Milk thistle (Silybum marianum): A concise overview on its chemistry, pharmacological, and nutraceutical uses in liver diseases

Phytother Res. 2018 Nov;32(11):2202-2213. doi: 10.1002/ptr.6171. Epub 2018 Aug 6.


Milk thistle (MT; Silybum marianum), a member of the Asteraceae family, is a therapeutic herb with a 2,000-year history of use. MT fruits contain a mixture of flavonolignans collectively known as silymarin, being silybin (also named silibinin) the main component. This article reviews the chemistry of MT, the pharmacokinetics and bioavailability, the pharmacologically relevant actions for liver diseases (e.g., anti-inflammatory, immunomodulating, antifibrotic, antioxidant, and liver-regenerating properties) as well as the clinical potential in patients with alcoholic liver disease, nonalcoholic fatty liver disease, viral hepatitis, drug-induced liver injury, and mushroom poisoning. Overall, literature data suggest that, despite encouraging preclinical data, further well-designed randomized clinical trials are needed to fully substantiate the real value of MT preparations in liver diseases.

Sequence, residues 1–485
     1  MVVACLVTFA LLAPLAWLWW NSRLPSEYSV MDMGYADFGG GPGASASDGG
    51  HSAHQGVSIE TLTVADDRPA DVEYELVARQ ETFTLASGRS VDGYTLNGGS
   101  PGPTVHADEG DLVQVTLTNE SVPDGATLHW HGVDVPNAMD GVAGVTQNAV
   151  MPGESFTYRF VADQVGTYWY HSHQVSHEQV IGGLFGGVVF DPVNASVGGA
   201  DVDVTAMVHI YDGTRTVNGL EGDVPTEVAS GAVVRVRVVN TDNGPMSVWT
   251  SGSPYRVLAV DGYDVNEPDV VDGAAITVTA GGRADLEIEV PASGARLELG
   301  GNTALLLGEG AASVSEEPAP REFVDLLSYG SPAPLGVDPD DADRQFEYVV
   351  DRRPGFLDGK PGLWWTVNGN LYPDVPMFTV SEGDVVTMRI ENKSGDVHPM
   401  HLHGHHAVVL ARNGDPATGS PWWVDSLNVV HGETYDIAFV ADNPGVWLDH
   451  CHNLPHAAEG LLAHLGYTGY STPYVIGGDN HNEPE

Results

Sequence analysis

Keywords: liver fibrosis; oxidative stress; silybin; silymarin.

Publication types

  • Review

MeSH terms

  • Animals
  • Anti-Inflammatory Agents / therapeutic use
  • Antioxidants / therapeutic use
  • Dietary Supplements*
  • Fruit / chemistry
  • Humans
  • Liver Diseases / drug therapy*
  • Milk Thistle / chemistry*
  • Phytochemicals / pharmacology*
  • Randomized Controlled Trials as Topic
  • Silybin
  • Silymarin / pharmacology


  • Anti-Inflammatory Agents
  • Antioxidants
  • Phytochemicals
  • Silymarin
  • Silybin